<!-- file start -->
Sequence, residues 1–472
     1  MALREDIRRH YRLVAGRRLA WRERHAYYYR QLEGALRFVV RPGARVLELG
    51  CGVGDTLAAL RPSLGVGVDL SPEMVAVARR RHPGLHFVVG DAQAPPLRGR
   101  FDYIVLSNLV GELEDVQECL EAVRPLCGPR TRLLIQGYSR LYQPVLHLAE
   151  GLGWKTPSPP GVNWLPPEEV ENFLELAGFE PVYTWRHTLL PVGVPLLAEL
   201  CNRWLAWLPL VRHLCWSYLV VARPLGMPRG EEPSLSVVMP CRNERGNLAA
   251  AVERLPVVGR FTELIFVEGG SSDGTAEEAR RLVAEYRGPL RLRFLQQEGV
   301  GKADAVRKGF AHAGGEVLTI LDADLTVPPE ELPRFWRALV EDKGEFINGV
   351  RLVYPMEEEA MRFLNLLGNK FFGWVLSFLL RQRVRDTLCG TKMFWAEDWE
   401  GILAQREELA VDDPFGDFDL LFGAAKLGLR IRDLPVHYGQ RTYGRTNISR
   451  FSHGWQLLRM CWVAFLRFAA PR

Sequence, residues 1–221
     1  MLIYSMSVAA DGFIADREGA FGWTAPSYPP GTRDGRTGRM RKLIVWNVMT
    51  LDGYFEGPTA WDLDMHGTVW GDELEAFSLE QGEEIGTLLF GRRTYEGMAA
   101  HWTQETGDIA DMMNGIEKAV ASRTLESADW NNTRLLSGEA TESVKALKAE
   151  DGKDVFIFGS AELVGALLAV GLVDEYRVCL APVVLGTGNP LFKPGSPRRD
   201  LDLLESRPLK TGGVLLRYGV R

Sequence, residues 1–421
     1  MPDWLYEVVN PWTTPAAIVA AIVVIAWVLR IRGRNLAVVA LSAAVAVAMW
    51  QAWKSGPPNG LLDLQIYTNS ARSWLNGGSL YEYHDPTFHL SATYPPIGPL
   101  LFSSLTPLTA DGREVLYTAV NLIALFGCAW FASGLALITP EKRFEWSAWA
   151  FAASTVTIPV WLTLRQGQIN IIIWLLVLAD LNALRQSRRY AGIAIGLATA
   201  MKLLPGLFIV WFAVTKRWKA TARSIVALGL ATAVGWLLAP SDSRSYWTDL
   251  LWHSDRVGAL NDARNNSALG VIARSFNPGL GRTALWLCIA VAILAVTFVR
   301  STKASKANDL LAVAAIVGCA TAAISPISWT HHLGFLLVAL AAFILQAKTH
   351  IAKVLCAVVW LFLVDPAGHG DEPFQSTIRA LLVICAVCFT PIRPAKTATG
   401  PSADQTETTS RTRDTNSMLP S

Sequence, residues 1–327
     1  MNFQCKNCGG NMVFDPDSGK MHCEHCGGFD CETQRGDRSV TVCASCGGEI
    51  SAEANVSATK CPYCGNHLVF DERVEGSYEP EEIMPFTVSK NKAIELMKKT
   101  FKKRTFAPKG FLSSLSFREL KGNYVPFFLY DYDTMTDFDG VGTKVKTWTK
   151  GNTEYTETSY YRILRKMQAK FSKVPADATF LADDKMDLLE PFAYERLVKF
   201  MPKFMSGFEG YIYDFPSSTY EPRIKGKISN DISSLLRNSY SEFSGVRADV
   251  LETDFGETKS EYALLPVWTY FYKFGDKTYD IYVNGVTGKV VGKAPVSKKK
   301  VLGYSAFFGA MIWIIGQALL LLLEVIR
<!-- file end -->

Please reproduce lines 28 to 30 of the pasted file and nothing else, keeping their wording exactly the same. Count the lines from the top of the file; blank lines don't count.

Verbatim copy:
Sequence, residues 1–327
     1  MNFQCKNCGG NMVFDPDSGK MHCEHCGGFD CETQRGDRSV TVCASCGGEI
    51  SAEANVSATK CPYCGNHLVF DERVEGSYEP EEIMPFTVSK NKAIELMKKT